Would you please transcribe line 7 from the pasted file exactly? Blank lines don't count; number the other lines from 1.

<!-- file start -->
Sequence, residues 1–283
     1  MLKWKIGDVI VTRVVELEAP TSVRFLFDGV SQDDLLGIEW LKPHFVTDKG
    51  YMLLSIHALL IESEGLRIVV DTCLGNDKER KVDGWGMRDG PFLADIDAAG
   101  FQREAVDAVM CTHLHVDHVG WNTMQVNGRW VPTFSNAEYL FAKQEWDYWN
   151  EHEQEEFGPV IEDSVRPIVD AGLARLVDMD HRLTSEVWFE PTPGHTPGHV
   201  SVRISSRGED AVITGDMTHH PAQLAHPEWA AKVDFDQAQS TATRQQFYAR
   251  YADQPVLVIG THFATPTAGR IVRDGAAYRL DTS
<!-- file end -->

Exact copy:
   251  YADQPVLVIG THFATPTAGR IVRDGAAYRL DTS